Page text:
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There are several guidelines for error reporting, that are usually based on giving to the user useful information when he or she does something wrong, but to give this kind of information you need to be handling the error and know that it can happen. There are also tons of articles about designing 404 error pages. But, what can you do when it's a new, unhandled error provoked by a failure in the software?

Are there some guidelines about how to nicely report totally unexpected errors in a web site as an unexpected error 500?

What header message should be shown in that case? something like "Sorry, an unexpected error has ocurred" would be enough?

What information should be given?

Should it have mechanisms to help to report the failure to developers? Which ones?

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Show "ruh-roh!" –  Joachim Sauer May 28 '10 at 9:27

3 Answers 3

up vote 1 down vote accepted

First thing to keep in mind when an error happens : do not frighten or confuse your users.

  1. Your error pages should integrate into your site in a seamless way : similar layout, same colors. It should be obvious that this page is part of your site and is a consequence of a previous action.
  2. As Matthew Wilson and codymanix said, you should not be too technical. Error messages must be clear and intelligible. If you do not know where the error comes from, just say it.
  3. If the error happened during a transaction of any kind, you should inform the user about the consequences. If an error interrupts an online order, you should be able to tell if the transaction has been carried out or not.

Now you have told your users something bad happened, it is time to inform the developers about it. There are plenty of solutions around, including :

  1. Custom error log
  2. OS-provided error log (such as Windows' Event Log)
  3. E-mail alerts
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"Sorry, an unexpected error has ocurred" followed by possible tips on how to recover from it (refresh the page/clear cookies/restart browser etc). A link to your bug repository would be helpful to you, but frustrated users need not follow it.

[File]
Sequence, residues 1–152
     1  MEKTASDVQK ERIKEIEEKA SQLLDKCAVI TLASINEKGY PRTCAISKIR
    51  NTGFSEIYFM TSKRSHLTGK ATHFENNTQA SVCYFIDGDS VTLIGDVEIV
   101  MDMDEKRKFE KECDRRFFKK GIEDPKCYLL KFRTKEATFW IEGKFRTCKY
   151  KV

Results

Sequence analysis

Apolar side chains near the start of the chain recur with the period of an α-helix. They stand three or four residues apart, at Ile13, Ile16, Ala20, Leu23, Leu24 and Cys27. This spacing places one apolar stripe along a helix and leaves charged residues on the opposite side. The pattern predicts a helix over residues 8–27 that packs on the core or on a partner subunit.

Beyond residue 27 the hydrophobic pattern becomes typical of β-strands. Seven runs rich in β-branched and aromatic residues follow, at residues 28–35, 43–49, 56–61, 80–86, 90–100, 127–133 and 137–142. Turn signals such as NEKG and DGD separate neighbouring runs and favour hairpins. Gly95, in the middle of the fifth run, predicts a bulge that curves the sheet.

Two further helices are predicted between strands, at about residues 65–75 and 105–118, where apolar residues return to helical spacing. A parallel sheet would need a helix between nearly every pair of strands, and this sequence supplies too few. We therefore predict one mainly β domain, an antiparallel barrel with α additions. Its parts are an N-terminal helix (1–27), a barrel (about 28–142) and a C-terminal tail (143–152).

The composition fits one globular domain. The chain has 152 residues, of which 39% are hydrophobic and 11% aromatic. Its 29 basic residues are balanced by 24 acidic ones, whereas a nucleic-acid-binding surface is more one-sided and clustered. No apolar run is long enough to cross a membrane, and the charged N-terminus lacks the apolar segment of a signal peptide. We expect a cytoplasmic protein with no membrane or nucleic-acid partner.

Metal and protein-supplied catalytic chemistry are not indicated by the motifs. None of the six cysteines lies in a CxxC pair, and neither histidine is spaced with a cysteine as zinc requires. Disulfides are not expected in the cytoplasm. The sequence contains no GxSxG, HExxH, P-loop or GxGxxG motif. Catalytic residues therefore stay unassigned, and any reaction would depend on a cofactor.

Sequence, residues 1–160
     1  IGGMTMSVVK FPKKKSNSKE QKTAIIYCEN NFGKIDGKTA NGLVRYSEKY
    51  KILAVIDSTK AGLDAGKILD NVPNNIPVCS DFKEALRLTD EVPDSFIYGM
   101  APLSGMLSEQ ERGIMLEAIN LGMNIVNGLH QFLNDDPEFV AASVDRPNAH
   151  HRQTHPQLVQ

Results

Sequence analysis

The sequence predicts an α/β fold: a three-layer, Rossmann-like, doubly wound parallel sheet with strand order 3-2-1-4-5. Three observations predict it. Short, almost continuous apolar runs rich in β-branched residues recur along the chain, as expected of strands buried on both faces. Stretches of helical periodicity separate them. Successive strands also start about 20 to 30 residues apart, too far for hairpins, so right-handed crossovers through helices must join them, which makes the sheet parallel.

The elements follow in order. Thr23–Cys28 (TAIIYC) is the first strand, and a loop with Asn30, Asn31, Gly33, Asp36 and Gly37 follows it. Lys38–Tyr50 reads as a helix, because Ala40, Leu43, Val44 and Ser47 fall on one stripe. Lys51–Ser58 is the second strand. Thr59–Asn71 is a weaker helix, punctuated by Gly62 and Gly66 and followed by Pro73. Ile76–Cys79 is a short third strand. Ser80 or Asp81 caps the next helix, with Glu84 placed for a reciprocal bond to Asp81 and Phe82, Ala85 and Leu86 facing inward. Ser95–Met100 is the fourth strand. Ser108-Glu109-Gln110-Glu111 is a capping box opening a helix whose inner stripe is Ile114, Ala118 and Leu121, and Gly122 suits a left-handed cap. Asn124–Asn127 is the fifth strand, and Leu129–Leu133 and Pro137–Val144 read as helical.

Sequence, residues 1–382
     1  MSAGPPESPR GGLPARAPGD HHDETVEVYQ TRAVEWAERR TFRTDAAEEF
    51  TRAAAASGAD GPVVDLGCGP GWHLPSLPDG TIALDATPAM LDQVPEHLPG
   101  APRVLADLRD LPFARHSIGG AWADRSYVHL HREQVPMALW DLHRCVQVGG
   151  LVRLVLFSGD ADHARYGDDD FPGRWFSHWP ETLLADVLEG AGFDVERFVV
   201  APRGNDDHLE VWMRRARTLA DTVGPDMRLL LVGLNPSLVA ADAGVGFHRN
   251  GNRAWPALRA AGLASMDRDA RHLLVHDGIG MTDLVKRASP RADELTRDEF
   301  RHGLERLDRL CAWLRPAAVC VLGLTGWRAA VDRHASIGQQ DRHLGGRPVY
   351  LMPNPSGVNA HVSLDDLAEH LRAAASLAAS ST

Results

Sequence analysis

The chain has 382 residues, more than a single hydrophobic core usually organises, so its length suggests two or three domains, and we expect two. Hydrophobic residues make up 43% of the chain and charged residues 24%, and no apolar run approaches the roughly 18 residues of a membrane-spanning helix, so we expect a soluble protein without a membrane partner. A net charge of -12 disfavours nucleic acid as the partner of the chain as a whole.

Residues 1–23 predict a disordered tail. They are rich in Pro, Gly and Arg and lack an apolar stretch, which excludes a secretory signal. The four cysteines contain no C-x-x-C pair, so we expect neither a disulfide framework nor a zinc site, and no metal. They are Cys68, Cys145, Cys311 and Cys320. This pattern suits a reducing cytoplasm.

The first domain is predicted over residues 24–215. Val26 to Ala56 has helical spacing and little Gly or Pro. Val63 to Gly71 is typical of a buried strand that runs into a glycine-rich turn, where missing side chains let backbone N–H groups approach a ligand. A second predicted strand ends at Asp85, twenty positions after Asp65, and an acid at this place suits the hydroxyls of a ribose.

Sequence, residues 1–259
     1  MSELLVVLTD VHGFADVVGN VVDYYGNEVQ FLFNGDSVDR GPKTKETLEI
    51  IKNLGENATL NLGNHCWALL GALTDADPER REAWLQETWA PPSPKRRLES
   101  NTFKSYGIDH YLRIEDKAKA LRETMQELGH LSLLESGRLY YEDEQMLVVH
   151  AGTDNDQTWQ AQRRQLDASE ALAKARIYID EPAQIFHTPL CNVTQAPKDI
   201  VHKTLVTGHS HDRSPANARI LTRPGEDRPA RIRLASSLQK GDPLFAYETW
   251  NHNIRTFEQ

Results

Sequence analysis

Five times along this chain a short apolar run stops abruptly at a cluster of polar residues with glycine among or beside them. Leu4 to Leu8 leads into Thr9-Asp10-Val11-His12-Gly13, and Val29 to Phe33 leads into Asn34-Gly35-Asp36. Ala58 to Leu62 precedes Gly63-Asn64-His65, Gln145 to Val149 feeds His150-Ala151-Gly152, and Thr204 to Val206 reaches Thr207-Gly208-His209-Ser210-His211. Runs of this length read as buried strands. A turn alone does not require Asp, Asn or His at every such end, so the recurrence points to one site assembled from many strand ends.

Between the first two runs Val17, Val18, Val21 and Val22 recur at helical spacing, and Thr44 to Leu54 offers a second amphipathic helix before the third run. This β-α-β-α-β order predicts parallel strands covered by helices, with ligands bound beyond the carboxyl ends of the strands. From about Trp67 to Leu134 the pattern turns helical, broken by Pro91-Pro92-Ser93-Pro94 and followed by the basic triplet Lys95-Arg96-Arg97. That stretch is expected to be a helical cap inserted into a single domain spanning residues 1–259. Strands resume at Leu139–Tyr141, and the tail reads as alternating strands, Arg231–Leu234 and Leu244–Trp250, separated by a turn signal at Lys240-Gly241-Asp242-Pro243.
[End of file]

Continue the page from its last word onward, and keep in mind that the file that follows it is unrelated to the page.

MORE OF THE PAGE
If you plan to automatically report the failure back to your servers, make sure that users are aware of it and they agree with it.

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I agree with the first part of the answer, but not always with the second. Really depends on the type of application and where it is ran. A web site (as the OP is referring to) should never require user permission to report errors back, in my opinion. Neither should corporate applications used internally by a company. The only exception, in my opinion, would be commercial, retail, or freely available software run on a personally owned computer. –  joseph.ferris May 28 '10 at 11:32

What header message should be shown in that case? something like "Sorry, an unexpected error has ocurred" would be enough?

The text should read like "An error occurred and it's your fault!"

What information should be given?

What Information could you give about an unknown error?

Should it have mechanisms to help to report the failure to developers? Which ones?

No! Never report errors nor do logging! I could lead to the ability to fix the error!

x-D

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seems some people have no sense for sarcasm.. –  codymanix May 28 '10 at 16:14

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